Earl Turner practically defines “almost famous.”
He has cultivated loyalty with Las Vegas locals since 1989, when some casino lounges were still a big deal. Turner worked his way up to ticketed headliner, first at the Rio and then in a casino showroom in New Orleans, until Katrina sent him back to Las Vegas in 2005.
Now the old-school entertainer makes converts out of captive audiences on cruise ships and plays twice a year at the South Point.
It’s fine by him.
“When I was a kid, I didn’t watch television and think, ‘I want to be on it.’ I wanted to play music,” he says. “I wanted to maybe be in a band, but I never cared about being famous. All I cared about was music.”
It’s something you hear a lot of musicians say. And in Turner’s case? Mission accomplished — plus a little extra.
But what’s this?
When Turner comes back to the South Point Feb. 17 to 19, his show carries a bombastic name, “The Journey.” And it won’t just be his usual classic-rock and R&B favorites, unified by little more than the desire to make people forget about their problems and their wristwatches.
This time, Turner is telling his own almost-famous story.
He is dividing the show into segments separated by video introductions. One will re-create the first time he ever performed to a live audience, at a coffeehouse in Columbia, Missouri.
The next follows his life on the road with a barnstorming soul show, the Earl White Revue. Because he played guitar, bass and drums as musicians came and went, he will play those instruments in this segment, too.
Another will explain how his showman’s instincts emerged. “Because I was about to become a dad and I needed a job,” the black singer took a gig fronting a white country band. “That’s when I learned how to draw from these other performers, how they would engage the audience,” Turner says. “And I figured I better move, because it’s harder to hit a moving target.”
Don’t you have to be just a little more famous to do something like this new live memoir?
“I think everybody has an interesting story if you listen,” he says.
And he hopes there is more than one lesson to be learned about listening.
“See, I could get into all about what I believe,” he says, leaning in at a restaurant booth. “I believe there’s a certain pre-destiny. I believe we are guided, spiritually. I believe that the universe speaks to us, I really do.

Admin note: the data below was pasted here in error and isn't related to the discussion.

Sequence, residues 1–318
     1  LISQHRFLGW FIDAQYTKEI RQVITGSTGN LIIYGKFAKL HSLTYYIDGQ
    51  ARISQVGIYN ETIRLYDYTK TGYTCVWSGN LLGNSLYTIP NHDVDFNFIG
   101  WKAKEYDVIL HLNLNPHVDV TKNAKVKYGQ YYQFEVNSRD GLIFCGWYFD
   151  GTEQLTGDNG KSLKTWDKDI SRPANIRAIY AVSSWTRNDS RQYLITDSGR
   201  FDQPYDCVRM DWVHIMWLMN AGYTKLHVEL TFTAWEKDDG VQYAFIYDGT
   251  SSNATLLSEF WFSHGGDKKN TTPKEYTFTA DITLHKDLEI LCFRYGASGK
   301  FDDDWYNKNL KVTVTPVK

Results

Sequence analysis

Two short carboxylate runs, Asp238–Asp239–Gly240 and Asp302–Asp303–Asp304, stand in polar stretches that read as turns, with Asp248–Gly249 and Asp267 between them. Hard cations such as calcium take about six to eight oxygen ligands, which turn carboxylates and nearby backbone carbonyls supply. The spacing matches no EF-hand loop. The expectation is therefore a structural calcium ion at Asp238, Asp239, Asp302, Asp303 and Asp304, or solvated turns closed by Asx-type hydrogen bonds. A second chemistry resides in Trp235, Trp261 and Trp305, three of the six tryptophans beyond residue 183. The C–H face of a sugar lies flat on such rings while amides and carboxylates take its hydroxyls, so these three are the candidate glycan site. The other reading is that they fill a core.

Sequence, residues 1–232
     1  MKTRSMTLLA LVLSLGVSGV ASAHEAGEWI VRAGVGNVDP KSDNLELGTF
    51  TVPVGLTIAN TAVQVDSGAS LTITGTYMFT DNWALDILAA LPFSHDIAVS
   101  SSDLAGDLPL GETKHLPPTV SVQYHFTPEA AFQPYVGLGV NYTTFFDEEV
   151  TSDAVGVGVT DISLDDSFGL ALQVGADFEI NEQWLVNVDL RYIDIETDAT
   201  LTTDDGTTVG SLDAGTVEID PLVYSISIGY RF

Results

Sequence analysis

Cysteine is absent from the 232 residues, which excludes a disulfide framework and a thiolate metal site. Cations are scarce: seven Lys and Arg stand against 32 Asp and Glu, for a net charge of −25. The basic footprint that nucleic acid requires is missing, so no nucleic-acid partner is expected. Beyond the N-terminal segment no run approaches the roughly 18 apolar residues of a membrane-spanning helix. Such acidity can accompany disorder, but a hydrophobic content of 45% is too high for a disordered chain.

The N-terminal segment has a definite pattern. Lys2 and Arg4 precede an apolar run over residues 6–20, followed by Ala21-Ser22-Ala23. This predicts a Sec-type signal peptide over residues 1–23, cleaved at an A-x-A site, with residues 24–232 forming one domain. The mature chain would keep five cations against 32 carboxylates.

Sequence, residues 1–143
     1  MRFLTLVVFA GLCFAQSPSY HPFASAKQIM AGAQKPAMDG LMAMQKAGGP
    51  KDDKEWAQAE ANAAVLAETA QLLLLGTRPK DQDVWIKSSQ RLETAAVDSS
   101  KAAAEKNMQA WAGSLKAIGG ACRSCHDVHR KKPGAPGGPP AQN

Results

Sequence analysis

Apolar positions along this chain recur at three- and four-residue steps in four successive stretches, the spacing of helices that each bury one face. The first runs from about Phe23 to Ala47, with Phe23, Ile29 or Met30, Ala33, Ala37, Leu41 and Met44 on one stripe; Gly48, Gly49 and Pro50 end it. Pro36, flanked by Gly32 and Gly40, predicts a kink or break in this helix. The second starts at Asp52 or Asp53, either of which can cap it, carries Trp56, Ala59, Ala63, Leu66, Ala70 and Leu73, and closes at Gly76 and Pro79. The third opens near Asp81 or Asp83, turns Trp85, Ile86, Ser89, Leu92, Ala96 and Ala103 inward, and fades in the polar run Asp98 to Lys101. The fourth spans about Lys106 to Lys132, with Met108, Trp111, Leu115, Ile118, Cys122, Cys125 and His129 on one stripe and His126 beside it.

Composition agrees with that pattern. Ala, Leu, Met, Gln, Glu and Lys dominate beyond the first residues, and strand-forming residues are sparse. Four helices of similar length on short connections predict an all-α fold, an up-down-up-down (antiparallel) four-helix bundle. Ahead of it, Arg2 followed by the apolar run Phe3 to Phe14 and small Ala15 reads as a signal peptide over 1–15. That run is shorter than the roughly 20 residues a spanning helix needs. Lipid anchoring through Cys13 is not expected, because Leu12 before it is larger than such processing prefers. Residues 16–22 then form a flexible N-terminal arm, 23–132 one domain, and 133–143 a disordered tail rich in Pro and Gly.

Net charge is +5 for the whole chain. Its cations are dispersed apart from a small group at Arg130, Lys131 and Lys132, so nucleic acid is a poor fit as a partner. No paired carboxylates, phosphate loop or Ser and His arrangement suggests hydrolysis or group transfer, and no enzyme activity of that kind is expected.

“The problem with us is that we’re not listening. Particularly when we’re young. We’re not paying attention at all. But we are still guided.”
That first predestined push came from a stranger who heard the 19-year-old singing with his guitar in a park in Columbia, Missouri. Growing up in nearby Fayette, Turner was a “townie” working three jobs but taking no classes in the college town.
The stranger steered him to an open-mic night in The Chez, a church-basement coffeehouse.
“Had that guy not walked by?” he shrugs. “Looking back, that was an actual turning point.”
Turner says he wasn’t directly inspired by his friend Clint Holmes’ two fully produced theatrical memoirs, even though he played Holmes’ father in one of them, “Just Another Man.”
This idea was just on his bucket list. Even though Las Vegans know him, “they really don’t know how I got here,” he says. “What I have learned over the years is to trust myself. You can talk yourself out of something, but you don’t know unless you try it.”
Could this attempt to deliver a story with a message also be a reaction to a career spent singing other people’s hits?
“I have over the years become less and less concerned about being a cover artist, because I consider myself an entertainer,” he says. “Where I think a lot of performers miss the mark is (not understanding) that it’s not about me.”
“Most of us, our lives are time-stamped with a song. You can hear a certain song on the radio and it can take you right back to that time in your life.”
Where will “The Journey” lead? If it begins and ends at the South Point, Turner at least stays true to that lad who never wanted to be on TV.
“I know there’s a difference between fame and success. I’m the most blessed man in the world to be able to have lived this life. You’d have to be crazy to not appreciate that.”